I've had a sneak preview of the new material, and I can assure you that they have with the aid of chanting locals, transferred the tropical atmosphere in which they did the recordings, onto vinyl.  The result is both mellow and menacing, when you first hear Feast, turn the lights out, the sun lamp on and reach for a long cold drink because this album is a scorcher.

Billy 'Chainsaw' Houlston















  ...something that may or may not emerge during the course of 1983, but which I thought would be of interest, is the release of a BANSHEES B-SIDE ALBUM.

Towards the end of 1982, the group were relayed a message from New Zealand that their latest album was selling really well down under, and because only a few of their singles had ever been released there, they wished to compile an album of all the Banshee b-sides.  This was not altogether a new idea to the group, because when they worked on the Once Upon A Time album, they thought about compiling a b-sides album to give away free with it, but it never materialised.

So now Steve plans to get all the original recordings of every b-side and additional 12" tracks, and spend a couple of days in the studio compiling them and at the same time making a few alterations to certain things - when Steve listened to a tape of the b-sides, he heard things that could be edited, and time allowing remixed (i.e. Red Over White, Cannibal Roses).  Then the finished product is intended for release on the continent, but at the same time have it available in this country as a special cheaply priced import.

You're no doubt wondering why it wont be released in this country, well the group believe that it'd be a pointless exercise releasing it specifically for the British market, because most of the fans already have copies of their singles.  It's intended for release in those countries where very few of their singles have been released, (which is one of the main reasons why they did Once Upon A Time in the first place, because countries like France and Germany had only released two or three Banshee singles (and a lot of them haven't been on albums), the thought behind the idea is the same for the b-sides album).  A lot of places on the continent don't have a big singles market, so to them it's the difference between not releasing a single or selling 500 - 1000 copies, they sometimes don't think it necessary to release it.  The situation became apparent to the group when they returned to Europe last year.  They suddenly realised that neither Fireworks, Slowdive or Melt! was released in France, which made them wonder what they were doing with all these songs.  In fact when the Banshees did the Melt!/Il Est Ne Le Divin Enfant single, they decided to get Il Est Ne Le Divin Enfant released as the actual a-side in France in time for Christmas.  They sent the necessary material to French Polydor, and a message came back to England saying they'd originally planned to release Slowdive for Christmas, but they would hold it back and release Il Est Ne Le Divin Enfant.  But when the group got to France on the '82 tour, the discovered (much to their horror) that neither single had been released!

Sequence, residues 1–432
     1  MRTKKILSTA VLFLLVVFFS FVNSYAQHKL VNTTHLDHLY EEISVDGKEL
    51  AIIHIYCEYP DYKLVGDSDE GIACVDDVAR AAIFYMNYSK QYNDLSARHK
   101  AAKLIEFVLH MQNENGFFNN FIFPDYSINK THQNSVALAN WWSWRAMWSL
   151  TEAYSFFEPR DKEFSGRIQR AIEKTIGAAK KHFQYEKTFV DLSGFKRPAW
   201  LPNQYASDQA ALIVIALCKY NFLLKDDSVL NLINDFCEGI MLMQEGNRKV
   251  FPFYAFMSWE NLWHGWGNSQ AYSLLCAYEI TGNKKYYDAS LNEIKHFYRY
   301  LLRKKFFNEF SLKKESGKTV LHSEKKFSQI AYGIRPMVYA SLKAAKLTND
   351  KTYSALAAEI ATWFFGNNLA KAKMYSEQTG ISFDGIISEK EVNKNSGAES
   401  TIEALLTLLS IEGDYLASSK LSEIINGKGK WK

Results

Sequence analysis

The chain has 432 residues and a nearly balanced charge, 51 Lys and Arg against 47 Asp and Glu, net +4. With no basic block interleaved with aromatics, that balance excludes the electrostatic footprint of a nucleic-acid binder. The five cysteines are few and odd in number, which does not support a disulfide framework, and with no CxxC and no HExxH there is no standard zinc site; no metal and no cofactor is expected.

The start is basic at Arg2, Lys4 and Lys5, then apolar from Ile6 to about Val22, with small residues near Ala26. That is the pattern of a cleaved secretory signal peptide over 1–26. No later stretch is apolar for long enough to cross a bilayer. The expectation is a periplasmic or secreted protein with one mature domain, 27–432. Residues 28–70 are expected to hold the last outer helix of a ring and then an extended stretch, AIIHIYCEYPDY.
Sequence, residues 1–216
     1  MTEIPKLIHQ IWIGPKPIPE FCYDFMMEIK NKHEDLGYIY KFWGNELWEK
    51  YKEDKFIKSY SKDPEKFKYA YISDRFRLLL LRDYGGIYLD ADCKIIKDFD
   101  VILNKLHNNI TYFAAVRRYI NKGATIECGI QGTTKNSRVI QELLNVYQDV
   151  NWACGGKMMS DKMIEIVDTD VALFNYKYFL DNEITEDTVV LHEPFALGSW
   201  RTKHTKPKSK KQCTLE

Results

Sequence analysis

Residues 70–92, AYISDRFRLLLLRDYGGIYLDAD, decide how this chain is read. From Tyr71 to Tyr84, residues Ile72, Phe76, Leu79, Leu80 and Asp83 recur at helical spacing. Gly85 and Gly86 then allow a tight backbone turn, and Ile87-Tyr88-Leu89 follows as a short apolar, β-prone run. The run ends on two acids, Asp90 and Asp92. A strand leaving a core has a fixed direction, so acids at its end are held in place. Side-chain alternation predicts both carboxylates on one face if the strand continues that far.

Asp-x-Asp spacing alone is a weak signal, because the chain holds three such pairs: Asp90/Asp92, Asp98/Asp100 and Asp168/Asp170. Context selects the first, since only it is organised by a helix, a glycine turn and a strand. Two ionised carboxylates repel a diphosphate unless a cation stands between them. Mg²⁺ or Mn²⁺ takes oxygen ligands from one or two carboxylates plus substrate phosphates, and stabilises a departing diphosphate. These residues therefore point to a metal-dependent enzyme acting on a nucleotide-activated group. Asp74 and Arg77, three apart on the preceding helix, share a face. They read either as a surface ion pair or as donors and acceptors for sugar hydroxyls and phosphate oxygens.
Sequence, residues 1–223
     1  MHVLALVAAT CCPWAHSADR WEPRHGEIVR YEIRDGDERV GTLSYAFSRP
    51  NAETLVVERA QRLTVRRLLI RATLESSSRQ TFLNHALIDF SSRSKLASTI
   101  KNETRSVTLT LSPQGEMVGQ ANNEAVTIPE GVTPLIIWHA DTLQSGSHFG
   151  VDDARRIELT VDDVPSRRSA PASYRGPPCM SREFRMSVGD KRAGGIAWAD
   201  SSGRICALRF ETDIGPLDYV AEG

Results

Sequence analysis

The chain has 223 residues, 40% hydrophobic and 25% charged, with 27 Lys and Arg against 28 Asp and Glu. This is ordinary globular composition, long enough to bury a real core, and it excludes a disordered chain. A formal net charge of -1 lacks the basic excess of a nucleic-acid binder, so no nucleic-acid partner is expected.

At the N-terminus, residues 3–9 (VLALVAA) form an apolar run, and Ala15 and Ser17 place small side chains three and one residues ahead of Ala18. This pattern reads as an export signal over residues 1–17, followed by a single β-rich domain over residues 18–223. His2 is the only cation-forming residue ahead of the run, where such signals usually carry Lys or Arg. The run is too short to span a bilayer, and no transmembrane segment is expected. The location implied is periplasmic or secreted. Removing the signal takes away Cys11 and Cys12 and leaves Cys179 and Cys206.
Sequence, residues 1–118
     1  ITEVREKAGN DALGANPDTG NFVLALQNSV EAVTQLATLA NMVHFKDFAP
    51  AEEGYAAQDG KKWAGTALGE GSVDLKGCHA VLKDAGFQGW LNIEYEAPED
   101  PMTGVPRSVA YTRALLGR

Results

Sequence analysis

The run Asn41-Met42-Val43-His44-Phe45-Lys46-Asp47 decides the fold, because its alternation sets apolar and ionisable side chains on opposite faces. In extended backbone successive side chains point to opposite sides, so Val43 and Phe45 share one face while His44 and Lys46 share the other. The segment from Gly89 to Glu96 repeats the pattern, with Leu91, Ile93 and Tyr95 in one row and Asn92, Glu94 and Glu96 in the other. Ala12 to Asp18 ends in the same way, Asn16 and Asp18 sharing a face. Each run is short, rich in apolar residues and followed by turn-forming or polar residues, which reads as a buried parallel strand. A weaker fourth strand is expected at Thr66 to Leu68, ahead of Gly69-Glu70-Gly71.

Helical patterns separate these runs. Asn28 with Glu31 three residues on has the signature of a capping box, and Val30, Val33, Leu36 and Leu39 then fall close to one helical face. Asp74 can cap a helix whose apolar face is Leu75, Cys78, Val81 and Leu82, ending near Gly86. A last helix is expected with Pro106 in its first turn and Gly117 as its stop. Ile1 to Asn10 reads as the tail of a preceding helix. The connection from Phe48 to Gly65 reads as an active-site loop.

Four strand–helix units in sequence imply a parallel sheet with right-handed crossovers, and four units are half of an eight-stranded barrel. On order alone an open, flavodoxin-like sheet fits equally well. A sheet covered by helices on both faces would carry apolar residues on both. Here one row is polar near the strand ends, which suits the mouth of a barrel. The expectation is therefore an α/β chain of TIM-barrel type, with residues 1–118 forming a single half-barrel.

At the end of the day, the deciding factor behind the whole project is whether or not enough countries take up the option to release a Banshees album that wont be released in England, to validify it being made.  It would be pointless for the group to spend money on artwork and studio time, if it's only going to sell 500 copies in New Zealand.